While she was alive my mother’s running joke was that every four years she celebrated her birthday with a parade. It was a fun joke because no matter the party in power, inaugurations were always a celebration of a future full of hope.
This year, things are very different. Rather than focus on the fear or dread, I am taking her joke to heart and only celebrating my mom’s birthday today.
In honor of that celebration, I want to list all the reasons why I am honored and grateful to have been raised by my mom.
She is the direct opposite of the man who will march in the parade today.
That’s it. That’s the list.
My mother was honest.
I am not sure she was capable of lying, even when maybe she should have because our feelings would have been spared. For the record mom, I never needed you to point out my pimples or bad bangs. I already knew, but thanks for your honesty.
My mother was kind.
To everyone. She did not choose only a few who were worthy of her kindness. She may not always agree with you but she never viewed disagreements as reasons for hate.
Tolerance was not a word my mother understood.
Full acceptance was.
She grew up in Northern California, where people who did not look like her were literally walled off for being different. She moved to DC just in time for her husband to stick his nose into race relations as the city burned.
She taught me, that we all have the same hearts. She didn’t say that means we are the same. She didn’t think we shouldn’t “see color”.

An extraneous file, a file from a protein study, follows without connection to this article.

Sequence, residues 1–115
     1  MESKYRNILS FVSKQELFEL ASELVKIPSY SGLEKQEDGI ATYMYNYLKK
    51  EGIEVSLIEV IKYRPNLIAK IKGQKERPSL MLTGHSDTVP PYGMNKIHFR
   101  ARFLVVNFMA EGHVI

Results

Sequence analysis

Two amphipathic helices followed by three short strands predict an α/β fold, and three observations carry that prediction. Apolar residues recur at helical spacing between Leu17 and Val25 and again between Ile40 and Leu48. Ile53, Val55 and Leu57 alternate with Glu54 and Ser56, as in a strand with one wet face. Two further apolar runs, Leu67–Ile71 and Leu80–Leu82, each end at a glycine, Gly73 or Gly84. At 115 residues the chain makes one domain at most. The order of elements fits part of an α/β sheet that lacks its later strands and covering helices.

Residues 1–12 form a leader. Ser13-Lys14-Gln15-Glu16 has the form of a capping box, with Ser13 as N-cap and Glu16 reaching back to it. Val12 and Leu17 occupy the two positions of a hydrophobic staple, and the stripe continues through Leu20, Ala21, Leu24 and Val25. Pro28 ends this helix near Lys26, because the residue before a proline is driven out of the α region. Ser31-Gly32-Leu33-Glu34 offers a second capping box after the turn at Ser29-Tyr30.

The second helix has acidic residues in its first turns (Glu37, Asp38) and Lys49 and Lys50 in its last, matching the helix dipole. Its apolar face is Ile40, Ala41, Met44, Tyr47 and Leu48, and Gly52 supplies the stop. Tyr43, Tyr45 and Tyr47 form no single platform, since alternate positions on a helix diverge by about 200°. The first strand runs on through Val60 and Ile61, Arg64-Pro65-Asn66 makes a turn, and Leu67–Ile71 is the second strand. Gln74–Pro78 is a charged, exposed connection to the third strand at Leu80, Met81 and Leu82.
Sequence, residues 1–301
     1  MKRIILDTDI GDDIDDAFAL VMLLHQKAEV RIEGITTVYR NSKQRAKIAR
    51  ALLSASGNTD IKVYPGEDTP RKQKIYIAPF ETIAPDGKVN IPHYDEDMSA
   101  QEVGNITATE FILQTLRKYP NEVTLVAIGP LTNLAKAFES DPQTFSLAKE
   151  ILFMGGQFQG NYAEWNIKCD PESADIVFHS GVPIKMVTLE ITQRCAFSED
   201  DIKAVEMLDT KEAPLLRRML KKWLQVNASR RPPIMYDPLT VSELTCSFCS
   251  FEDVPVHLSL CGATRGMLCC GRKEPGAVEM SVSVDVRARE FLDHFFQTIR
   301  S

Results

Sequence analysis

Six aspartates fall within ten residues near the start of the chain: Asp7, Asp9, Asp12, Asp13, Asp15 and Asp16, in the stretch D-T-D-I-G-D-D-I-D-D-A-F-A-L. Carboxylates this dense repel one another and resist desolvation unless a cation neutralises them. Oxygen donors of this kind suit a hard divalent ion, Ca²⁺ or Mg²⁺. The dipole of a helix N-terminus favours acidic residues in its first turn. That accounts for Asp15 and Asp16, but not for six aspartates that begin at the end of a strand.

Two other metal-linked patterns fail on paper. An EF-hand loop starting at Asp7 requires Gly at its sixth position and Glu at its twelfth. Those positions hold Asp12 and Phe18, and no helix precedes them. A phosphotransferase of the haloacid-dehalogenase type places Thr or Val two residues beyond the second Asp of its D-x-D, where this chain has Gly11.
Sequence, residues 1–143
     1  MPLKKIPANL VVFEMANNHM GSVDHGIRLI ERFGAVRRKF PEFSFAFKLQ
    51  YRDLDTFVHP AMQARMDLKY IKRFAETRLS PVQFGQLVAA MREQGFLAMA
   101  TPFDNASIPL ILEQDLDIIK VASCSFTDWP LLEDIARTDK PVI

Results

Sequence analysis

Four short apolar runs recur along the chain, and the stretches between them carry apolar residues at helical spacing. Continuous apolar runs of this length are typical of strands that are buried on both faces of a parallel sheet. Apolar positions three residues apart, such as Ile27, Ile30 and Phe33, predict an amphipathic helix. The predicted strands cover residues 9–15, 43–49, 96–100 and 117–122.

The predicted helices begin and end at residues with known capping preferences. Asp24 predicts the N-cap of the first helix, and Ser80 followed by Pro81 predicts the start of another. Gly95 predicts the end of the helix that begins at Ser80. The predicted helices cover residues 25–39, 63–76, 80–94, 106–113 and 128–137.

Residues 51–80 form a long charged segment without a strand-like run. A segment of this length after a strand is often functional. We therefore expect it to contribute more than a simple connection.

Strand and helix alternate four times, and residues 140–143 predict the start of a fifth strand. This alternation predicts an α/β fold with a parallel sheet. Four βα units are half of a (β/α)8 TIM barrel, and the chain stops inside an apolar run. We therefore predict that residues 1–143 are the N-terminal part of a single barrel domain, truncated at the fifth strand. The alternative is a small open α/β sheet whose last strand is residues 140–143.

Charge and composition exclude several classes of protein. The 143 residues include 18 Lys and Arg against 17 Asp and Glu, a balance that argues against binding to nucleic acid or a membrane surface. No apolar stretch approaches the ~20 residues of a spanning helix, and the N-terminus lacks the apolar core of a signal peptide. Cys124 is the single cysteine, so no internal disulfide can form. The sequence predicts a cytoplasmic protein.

Instead she taught us that we should see our differences, embrace them, and learn from them. Above all, we should love each other, not in spite of our differences, but because of them.
She taught us we were capable of anything but never better than anyone.
She was subtle about this. She wasn’t a marcher or a loud advocate (that we get from our dad). She simply just kept her doors open and reached out to anyone and everyone that was near, especially when they needed her most.
My mother was humble.
You had to dig pretty hard to get her to admit to any accomplishment in her life. I wish she had taken more credit for who she was.
She was brave, and strong and so loving (even in her brutally honest way). She literally and figuratively made me who I am and pressed me to be a better person every day that she was here and every day since she’s been gone.
It’s been so long, that you think it would not still be so hard. And yet, as the world spins in chaos, my kids’ needs for me to be strong, and courageous, honest, humble and kind grow in direct relation to their years on earth.
I miss her more than ever before. She was my true north. I looked to her for guidance even when she tried to assure me I could I do it on my own.
She may have been right, I have been doing ok here without her. It seems I can do it on my own, but I wish I didn’t need to prove that today.
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